Write the following in the form $x + 2^{0.5}y$

Write the following in the form $$x + 2^{0.5}y$$:

$$\left(5.5 - 3(2)^{0.5}\right)^{0.5}$$

I am not sure how to do it, I though about putting under the same denominator and then trying to put it in a quadratic completed square form (if that makes sense) - so that I get one bracket squared which should cancel out the square root.

Unfortunately I can't find how to do it, anyone have any ideas?

• You can square it and then solve the equations .
– user252450
Sep 15 '15 at 15:48
• its not an equation though Sep 15 '15 at 15:58
• the question is to write that in the form that I said, which requires some manipulation Sep 15 '15 at 15:58
• I'll explain it better . Treat $x$ and $y$ like variables you want to find . Now square the equation to get $$\frac{11}{2}+5\sqrt{2}=x^2+2y^2+2xy\sqrt{2}$$ Now you want that : $$\frac{11}{2}=x^2+2y^2$$ and also $$2xy=5$$ so now just solve the system of equations .
– user252450
Sep 15 '15 at 16:09
• This is from squaring the following : $$\sqrt{\frac{11}{2}+5\sqrt{2}}=x+y\sqrt{2}$$ Isn't this the question ?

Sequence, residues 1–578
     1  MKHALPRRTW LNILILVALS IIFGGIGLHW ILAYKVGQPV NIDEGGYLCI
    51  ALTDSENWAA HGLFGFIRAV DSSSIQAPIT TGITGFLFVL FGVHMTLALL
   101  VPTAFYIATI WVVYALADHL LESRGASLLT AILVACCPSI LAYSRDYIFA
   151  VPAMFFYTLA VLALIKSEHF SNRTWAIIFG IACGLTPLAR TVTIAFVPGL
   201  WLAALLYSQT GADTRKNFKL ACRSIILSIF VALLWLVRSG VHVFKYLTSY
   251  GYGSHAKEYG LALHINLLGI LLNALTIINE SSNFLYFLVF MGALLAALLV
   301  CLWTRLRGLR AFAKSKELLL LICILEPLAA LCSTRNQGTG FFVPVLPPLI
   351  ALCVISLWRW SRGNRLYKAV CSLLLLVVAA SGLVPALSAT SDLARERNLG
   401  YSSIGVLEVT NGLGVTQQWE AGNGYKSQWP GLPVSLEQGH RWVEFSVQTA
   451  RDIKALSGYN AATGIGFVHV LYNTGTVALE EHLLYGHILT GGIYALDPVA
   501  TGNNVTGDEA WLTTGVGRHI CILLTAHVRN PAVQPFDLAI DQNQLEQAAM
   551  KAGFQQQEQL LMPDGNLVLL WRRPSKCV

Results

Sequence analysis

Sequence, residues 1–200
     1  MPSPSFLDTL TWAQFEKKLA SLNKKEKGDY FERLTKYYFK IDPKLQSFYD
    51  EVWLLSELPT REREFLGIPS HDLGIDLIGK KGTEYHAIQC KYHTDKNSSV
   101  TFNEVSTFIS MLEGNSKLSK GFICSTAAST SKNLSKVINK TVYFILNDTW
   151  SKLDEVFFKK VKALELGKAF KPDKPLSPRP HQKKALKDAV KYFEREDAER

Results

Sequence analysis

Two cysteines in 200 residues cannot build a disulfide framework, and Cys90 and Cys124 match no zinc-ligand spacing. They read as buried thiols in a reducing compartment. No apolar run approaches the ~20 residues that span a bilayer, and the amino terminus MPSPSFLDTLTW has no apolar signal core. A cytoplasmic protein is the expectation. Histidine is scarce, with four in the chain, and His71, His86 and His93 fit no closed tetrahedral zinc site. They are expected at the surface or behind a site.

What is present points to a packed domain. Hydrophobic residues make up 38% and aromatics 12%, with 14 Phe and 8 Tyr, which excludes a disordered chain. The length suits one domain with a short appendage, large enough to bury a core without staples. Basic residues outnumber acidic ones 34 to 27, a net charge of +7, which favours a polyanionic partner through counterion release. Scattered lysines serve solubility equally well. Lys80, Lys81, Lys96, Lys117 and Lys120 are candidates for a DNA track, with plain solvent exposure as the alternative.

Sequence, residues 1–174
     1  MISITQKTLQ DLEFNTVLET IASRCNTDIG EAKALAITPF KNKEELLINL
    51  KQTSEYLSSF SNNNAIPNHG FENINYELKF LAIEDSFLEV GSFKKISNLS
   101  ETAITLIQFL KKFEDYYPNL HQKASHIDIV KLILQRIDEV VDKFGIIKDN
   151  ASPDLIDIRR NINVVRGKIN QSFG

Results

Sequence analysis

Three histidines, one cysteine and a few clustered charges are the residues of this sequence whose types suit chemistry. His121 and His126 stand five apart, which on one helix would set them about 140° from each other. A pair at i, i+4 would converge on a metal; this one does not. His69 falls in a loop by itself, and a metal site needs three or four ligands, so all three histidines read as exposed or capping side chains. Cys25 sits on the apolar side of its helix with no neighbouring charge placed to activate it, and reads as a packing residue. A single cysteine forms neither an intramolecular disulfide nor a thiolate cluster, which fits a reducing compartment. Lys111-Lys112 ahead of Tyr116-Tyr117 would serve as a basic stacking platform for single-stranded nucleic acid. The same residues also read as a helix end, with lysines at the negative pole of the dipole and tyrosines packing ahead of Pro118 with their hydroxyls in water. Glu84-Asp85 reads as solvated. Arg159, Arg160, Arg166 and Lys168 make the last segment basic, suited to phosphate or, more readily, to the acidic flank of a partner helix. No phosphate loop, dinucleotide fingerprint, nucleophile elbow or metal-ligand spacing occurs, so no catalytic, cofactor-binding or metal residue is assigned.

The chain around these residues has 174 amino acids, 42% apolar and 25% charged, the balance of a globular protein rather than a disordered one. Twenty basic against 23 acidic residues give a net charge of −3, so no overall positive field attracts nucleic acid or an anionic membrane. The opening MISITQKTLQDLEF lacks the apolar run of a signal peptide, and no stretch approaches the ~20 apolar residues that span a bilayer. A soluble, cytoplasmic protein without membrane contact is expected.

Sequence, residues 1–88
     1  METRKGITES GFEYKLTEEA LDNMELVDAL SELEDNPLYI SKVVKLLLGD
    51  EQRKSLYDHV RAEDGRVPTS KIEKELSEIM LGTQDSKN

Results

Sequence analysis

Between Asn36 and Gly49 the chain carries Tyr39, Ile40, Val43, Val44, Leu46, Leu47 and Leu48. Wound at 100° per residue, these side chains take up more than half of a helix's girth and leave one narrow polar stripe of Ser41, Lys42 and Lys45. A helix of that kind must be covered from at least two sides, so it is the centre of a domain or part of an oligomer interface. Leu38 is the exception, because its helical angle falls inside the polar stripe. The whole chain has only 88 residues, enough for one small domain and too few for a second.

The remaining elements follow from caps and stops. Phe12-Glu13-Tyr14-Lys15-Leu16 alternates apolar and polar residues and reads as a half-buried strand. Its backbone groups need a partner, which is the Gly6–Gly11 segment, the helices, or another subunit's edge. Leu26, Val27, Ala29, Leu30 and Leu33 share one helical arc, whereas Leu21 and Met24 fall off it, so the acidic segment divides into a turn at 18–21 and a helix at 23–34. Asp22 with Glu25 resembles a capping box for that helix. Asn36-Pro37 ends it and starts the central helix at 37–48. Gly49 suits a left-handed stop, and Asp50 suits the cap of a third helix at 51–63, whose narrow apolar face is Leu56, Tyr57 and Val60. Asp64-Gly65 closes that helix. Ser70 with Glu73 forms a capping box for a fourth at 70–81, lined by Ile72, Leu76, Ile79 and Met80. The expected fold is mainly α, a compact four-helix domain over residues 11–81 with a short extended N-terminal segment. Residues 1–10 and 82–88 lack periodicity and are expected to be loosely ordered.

– user252450
Sep 15 '15 at 16:18

It's a good way to start by assuming such a form for your radical and then use it to gain new information of $x$ and $y$ (this is a good strategy in general , instead of the guessing way ) :

$$\sqrt{5.5-3\sqrt{2}}=x+y\sqrt{2}$$

Now square it : $$5.5-3\sqrt{2}=x^2+2y^2+2xy\sqrt{2}$$

Now with a little wishfull thinking (another good strategy ) you may require that the parts with $\sqrt{2}$ are equal and the parts without it are also equal (to make things simpler ) . So now solve the system of equations :

$$x^2+2y^2=5.5$$ and $$2xy=-3$$

I am sure that now you can solve this (for example by eliminating $y$ from the second and plugging in the first and then solving a quadratic )

Finally you should arrive at the only solution : $(-1,1.5)$ .